Running for: City Council
Occupation: Self-employed educator.
Educational background: Bachelor’s degree, special studies, Graceland College (Iowa); master’s degreee, council education, University of Iowa.
Prior experience serving as an elected or appointed official, or running: Morro Bay City Council member, 2002-2010.
1) What should be done at the city level to address the crisis-level lack of affordable housing? I have long advocated that zoning should build according to its designation, for example if a lot is zoned R-3 it should be used to build three units, not a single-family residence. Traditionally long-term rentals have/are being converted to vacation rentals. To reduce this loss, limit the number of commercial vacation rentals. Incentivize the building/retaining of apartments versus condos. Preserve mobile home parks from becoming RV parks. There are two remaining large parcels of land in Morro Bay; how can they assist this issue?
2) Where are the best avenues for economic growth in Morro Bay? What would you do to pursue them? There are a number of local entrepreneurs that have “grown their own” business: Sunshine Health Foods, Elemental Herbs, Ruby Dragon, just to name a few, not to mention the many fine local eateries across town. Add to the mix the many traditional and boutique hotels, three grocery chains and many service providers, you’ll see that Morro Bay is a well-rounded town. I see many avenues for economic growth. We pursue them by providing accurate information to facilitate their licensing. It would be a cultural plus for locals and tourists if our community theater could find a larger home.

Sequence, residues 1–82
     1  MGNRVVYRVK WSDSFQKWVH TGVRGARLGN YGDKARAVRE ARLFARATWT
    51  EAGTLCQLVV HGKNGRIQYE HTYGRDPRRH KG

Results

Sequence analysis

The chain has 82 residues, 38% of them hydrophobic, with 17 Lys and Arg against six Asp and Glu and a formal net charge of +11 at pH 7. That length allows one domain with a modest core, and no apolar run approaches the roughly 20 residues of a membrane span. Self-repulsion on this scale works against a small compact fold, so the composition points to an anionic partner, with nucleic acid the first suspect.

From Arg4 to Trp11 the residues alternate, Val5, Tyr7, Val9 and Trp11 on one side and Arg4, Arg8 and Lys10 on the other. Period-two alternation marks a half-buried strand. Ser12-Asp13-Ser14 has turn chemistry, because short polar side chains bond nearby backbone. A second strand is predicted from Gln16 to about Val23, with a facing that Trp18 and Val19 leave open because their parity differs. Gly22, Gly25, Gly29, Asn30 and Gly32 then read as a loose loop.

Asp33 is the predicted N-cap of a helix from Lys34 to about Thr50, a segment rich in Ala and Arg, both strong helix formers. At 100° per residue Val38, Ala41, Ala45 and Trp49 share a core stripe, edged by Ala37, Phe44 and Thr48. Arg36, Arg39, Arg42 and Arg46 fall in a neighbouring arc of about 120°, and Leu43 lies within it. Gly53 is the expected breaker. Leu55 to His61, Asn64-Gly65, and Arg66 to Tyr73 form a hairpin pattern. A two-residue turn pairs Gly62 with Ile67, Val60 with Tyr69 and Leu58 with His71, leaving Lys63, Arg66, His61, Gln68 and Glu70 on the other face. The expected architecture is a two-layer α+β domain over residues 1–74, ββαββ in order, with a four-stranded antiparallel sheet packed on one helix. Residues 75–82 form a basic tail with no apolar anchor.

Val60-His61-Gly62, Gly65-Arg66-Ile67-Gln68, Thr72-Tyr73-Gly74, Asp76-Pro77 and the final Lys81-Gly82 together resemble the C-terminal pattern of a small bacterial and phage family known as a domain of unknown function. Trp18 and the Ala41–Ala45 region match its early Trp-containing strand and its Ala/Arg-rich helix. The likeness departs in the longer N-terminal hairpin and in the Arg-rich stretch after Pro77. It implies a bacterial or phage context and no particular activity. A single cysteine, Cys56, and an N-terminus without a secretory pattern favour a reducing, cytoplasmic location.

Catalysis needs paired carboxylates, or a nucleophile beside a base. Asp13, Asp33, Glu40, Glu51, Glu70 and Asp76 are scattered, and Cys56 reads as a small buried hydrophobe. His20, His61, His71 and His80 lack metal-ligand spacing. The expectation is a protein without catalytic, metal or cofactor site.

3) What do you see as the other top issue facing Morro Bay and what would you do about it? The outrageously expensive sewer project proposed to be built outside city limits. It’s almost three miles from its current location, requiring multiple lift (pump) stations, pipes, and disruption of businesses just to get the sewage to the new site. And add in the cost of the extraneous facilities onsite. The incredible financial burden this places on renters and owners alike is unconscionable for a town designated a disadvantage community by the state. I would cancel the location; fix the mainlines; ask the Coastal Commission for a 30-year temporary authorization like Oceano’s while we build up reserves to pay for moving the plant.